Before I knew it, I was caught by a loud conversation between a young boy sitting in a grocery carriage with his mom. He was talking vegetable talk— “yellow tomatoes, yum,” as his mother leaned over the display of tiny fresh fruits, filling a box to the brim and handing her boy one after another as a snack. The scene was intimate and sweet; it filled my heart. I was grateful to bear witness.

Near the finish, as I came up the aisle, an elderly man in a wheel chair turned the corner. Had I continued, we would have collided. He paused. I moved back and tucked myself into a cheese corner to let him pass. We made eye contact; he nodded with appreciation. “You have the right of way,” I quipped with a grin. I noted another special moment.

Can we be “in the moment” all the time? Maybe not, but we can take note of a moment some of the time. If we pay attention, scan and focus upon what intrigues, engages, inspires, delights, stimulates, stirs—you name it—one can gather gratitude and appreciation in small ways throughout the day.

Every minute, we have choices in how we approach our lives. Each experience is ours, to take in. The minutes, the immediate connections to others and the environment, add up. I hope you will seek gratitude in some way every day.

 

 

 

Mental Health and Mother Nature’s Nurture

Monarch Butterfly
on Asclepias tuberosa

The past three mornings, I’ve flown into my garden after checking the news in the aftermath of Trump’s worrisome press conference with Putin. Sharp pruners in hand, I tackled the wild, over-grown forsythia shrub at the driveway entrance. Branches, thin and flexible, stretching to the sun, had bent and curled between and betwixt one another in pursuit of the sun.

The first day, I followed each branch to its rooted undergrowth. Bending and reaching, I cut each one at its source. After an hour and a half, my back signaling “enough,” I turned to the lilies, always in need of tidying. Uplifted by the sight of yellow, vivid red, crème, and fuscia flowering, I plucked yesterday’s wet and drooping blossoms, filling half a bucket. Creating order is good for one’s mental outlook.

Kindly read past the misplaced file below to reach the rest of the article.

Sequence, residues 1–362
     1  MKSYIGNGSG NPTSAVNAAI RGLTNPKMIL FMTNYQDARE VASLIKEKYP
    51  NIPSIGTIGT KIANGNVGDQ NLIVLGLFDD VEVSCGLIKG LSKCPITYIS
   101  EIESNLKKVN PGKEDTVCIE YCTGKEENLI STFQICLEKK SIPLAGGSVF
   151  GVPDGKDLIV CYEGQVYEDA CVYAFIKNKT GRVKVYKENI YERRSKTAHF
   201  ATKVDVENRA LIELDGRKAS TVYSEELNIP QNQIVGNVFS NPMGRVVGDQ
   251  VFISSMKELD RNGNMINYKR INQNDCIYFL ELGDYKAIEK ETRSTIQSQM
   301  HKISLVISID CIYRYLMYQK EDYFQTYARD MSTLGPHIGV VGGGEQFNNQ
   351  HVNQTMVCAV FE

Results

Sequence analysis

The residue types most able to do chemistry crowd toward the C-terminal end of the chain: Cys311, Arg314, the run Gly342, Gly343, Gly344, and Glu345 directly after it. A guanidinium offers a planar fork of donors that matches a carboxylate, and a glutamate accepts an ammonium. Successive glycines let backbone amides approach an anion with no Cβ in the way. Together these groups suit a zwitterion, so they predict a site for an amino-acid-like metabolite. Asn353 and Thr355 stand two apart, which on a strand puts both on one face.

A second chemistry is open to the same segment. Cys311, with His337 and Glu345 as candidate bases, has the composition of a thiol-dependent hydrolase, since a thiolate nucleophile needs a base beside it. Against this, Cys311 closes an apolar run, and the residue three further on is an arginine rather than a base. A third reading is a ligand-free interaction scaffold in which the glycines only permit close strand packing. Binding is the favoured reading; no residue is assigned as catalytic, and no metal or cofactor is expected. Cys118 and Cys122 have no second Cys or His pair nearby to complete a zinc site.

On day two, I began to shape the shrub. I targeted meandering, spiking branches and snipped at the nods between two leaves to encourage a soft, wavy pattern. As I moved up and down, over and around, I shaped and re-shaped the dancing tendrils. The focus on the task at hand, somewhat challenging, lifted my spirit.

On the third day, I was contented with the tamed, undulating shape and tended to the few dry, dead clusters at the base. At the last, I stepped back and scanned each side. Pruning is art. My vision complete, I sighed in gratitude.

When the world is wild with anxiety and worry, when I cannot stop checking the news, the garden calls. It is enough to set a goal, even a mindful walk and to proceed. The esthetics of the space— the variety of species, the coloration of purple and red astilbe, white, rose and yellow zahara zinnias, the dogwood, and the mooga pine and peach azalea shrubs—offer variety and delight. Our minds and bodies entrain (tune with) the shift in pace and rhythm.